“When Carly Parker’s friend Yumiko goes missing under very mysterious circumstances, Carly’s search for her friend leads her headfirst into an ancient mysterious game known only as Rabbits. Soon Carly begins to suspect that Rabbits is much more than just a game, and that the key to understanding Rabbits might be the key to the survival of our species, and the universe, as we know it.”
Rabbits is a great new podcast that I actually really can’t talk too much about. Or, if I do, it’s got to be in a roundabout way, because anything else I say is going to be a spoiler. As such, expect any and all future individual episode reviews of Rabbits to be full of spoilers and marked thusly.
According to its website, “Rabbits is a brand new documentary / docudrama podcast series” that is presented by the Public Radio Alliance.
First, let me get this out of the way, though it probably doesn’t actually need to be said: Rabbits is a fictional story set in a fictional universe. The only reason I feel compelled to say anything about this at all is a credit to the very high production value of the show, and to the fact that the show’s presenter, Carly Parker, never breaks character, even for the non-storyline elements, like the advertising. Docudrama may be the official category of the show as deemed by the show itself, but it leaves out important facets of what the podcast actually is. This is further credit to the show’s creators, as they do this entirely on purpose in order to reinforce the sense of reality and internal consistency. What the podcast actually is is an immersive, adventurous murder mystery psychological thriller with vibes of the occult whereby the listener slowly uncovers clues alongside Carly regarding the true nature of Rabbits (simple alternate reality game? Secret society? Something more?) and how it relates to the disappearance of her friend Yumiko, who quite honestly quickly begins to feel pretty secondary in light of the larger enigma at hand. If you’re any sort of a fan of conspiratorial mysteries, secret societies, and conspiracy theories, the show will almost certainly draw you in.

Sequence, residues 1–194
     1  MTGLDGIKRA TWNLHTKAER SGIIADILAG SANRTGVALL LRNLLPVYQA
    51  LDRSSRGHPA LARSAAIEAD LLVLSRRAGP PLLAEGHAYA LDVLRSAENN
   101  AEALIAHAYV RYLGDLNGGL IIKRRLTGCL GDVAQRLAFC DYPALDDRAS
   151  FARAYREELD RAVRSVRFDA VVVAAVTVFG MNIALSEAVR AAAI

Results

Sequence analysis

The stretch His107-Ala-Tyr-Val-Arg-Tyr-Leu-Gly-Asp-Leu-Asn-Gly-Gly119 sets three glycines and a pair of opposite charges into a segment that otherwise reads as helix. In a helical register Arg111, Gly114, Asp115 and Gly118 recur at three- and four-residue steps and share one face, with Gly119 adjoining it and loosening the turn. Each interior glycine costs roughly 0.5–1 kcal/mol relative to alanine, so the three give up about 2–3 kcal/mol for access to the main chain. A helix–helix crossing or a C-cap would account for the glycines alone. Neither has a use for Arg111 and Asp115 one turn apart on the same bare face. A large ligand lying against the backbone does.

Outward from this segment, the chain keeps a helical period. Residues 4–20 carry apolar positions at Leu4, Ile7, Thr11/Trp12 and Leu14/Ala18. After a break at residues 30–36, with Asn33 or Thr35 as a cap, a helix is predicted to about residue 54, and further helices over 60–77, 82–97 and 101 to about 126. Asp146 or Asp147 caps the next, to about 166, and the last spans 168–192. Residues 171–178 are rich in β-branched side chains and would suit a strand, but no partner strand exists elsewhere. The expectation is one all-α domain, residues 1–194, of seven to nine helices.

That’s not to say it’s perfect by any means. One valid criticism of the show from myself and friends I’ve spoken to focuses on the quality of the dialogue and acting. The dialogue feels very forced and turn-based, which could very well be a product of the acting as much as the writing, or even a combination of the two. But if you can overlook that and not let it jerk you out of the wonderfully crafted plot then, like me, you’ll be eagerly anticipating each episode’s premiere.
Start from the beginning.
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